From May 23 to June 9 I was part of an Alpine Club of Canada Yukon (ACC) trip. Some people stayed for 4 days, some for a week and a few of us for the whole duration. The ACC Icefield Discovery camp was supposed to be two weeks (May 23 to June 6), but weather and massive clouds extended that for some of us by 3 days and for others by 5!
Anyways, words defy this "trip-of-a-life-time" landscape (haha, it's my roughly annual trip of a lifetime and only Part 1 at that...) In any case, let me show you this place with a few pics taken by Erika Joubert, an awesome camp mate and chum. Click on pics to see them larger - it's worth it!
My own pictures are on a camera and Samsung Android phone that are both still in the Yukon with all of my gear. When we finally got a flight out on the 9th day of no flights, we had decided to get people out and leave gear behind for later pick up. All to say, there'll be more pics soon, as I am heading back to resume Yukon 2015 Part 2 with trekking, festivals and visiting friends.
|Gnurdelhorn (~3,350 m) and Queen Mary (~3,900 m) |
Icefield Discovery camp is to the right of Gnurdelhorn. It has two
weather haven tents - one for kitchen, one with a half for gear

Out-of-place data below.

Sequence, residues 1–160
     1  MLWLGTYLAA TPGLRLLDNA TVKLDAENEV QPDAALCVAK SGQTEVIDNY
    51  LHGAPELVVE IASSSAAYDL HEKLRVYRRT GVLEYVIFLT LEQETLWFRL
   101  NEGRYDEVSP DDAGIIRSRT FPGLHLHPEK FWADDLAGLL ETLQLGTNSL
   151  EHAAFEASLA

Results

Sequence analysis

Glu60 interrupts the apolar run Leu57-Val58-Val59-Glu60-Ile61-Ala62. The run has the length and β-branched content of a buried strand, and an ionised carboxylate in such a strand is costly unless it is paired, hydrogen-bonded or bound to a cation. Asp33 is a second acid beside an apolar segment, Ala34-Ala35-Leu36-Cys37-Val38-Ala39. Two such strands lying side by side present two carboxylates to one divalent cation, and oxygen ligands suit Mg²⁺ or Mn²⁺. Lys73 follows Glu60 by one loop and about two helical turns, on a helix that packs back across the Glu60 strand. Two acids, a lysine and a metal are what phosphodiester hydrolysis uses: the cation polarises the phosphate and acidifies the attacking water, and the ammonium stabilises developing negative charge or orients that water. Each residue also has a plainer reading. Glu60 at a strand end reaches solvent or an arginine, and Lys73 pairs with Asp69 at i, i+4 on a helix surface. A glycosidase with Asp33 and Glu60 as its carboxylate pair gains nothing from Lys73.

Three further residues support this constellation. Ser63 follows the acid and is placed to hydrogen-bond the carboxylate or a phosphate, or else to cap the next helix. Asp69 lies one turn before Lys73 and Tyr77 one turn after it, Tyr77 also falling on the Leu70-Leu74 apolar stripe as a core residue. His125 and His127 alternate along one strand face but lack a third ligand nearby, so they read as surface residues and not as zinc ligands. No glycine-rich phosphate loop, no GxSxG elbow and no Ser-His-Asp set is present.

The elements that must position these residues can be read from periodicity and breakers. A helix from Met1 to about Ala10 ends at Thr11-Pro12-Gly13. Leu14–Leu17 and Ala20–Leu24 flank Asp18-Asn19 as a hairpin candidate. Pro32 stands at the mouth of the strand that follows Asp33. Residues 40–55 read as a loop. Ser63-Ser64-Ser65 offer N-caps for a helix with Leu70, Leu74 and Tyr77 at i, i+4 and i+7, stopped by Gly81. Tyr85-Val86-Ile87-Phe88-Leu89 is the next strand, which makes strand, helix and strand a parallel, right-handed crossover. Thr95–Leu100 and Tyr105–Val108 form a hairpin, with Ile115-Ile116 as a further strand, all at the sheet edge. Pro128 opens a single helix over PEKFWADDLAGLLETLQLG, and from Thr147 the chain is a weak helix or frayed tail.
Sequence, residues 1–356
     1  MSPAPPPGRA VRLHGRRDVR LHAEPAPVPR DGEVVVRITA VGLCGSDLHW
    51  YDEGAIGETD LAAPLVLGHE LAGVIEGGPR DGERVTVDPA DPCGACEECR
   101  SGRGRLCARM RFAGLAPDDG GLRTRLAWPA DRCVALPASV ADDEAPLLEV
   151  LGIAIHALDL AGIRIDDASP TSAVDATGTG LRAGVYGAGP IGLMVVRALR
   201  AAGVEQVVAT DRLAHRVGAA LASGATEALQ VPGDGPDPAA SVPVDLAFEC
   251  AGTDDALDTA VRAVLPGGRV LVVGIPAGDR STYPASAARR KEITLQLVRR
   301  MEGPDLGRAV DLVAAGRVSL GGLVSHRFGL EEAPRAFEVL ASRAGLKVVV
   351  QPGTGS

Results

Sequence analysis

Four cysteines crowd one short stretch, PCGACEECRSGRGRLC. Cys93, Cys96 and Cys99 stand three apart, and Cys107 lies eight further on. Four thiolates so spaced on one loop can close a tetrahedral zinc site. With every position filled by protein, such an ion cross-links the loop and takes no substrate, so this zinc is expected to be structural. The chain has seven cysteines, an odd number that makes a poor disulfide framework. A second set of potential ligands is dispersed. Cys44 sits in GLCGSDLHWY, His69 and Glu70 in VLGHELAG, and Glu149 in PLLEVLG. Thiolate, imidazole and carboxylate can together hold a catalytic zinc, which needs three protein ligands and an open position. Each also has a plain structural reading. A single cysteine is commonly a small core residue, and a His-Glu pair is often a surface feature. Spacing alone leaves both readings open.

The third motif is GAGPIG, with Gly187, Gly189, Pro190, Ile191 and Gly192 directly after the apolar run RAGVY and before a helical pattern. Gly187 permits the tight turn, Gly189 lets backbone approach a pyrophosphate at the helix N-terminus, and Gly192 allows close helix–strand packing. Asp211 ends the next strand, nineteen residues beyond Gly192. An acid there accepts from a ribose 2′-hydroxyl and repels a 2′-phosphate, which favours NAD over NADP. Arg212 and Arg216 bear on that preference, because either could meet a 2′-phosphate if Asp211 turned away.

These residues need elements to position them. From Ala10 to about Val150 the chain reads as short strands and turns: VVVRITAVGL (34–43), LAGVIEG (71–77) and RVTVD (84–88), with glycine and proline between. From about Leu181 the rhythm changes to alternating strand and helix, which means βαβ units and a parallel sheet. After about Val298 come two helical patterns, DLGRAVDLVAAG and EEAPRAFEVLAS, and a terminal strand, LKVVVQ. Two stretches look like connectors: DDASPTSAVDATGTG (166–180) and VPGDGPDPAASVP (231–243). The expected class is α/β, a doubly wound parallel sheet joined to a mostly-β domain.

and the other half sleeping. And a few tents.
|Classic: mountaineer's pose - lol.|
|My first trip to Pikatak while the weather was warm |
and the clouds few. This was taken by Laura Storch
a few feet below the summit.
Gnurdelhorn is in the background.
|Pretty cushy beach life. It was so hot, people were all about |
sun protection. Granted on a glacier at about 2,600 m there's
plenty of reason to try and keep sun radiation at bay.
|We did get out on a few excursions as the weather wasn't bad. |
Isothermal snow (super wet spring snow) notwithstanding.
This is me on the way back up the glacier from Pikatak to camp;
enhanced by clouds.
|See that pool below? All kinds of talk around camp about |
going for a dip in there when it was hot out.
Here we are heading up the slope of Pikatak to the summit.
|Despite the long period without any flights and no way out, folks|
maintained their good humour. This is a very large "Hi Tom"
(that is Captain Tom, our long-awaited Helio pilot) stamped
out repeatedly as the snow kept drifting over it.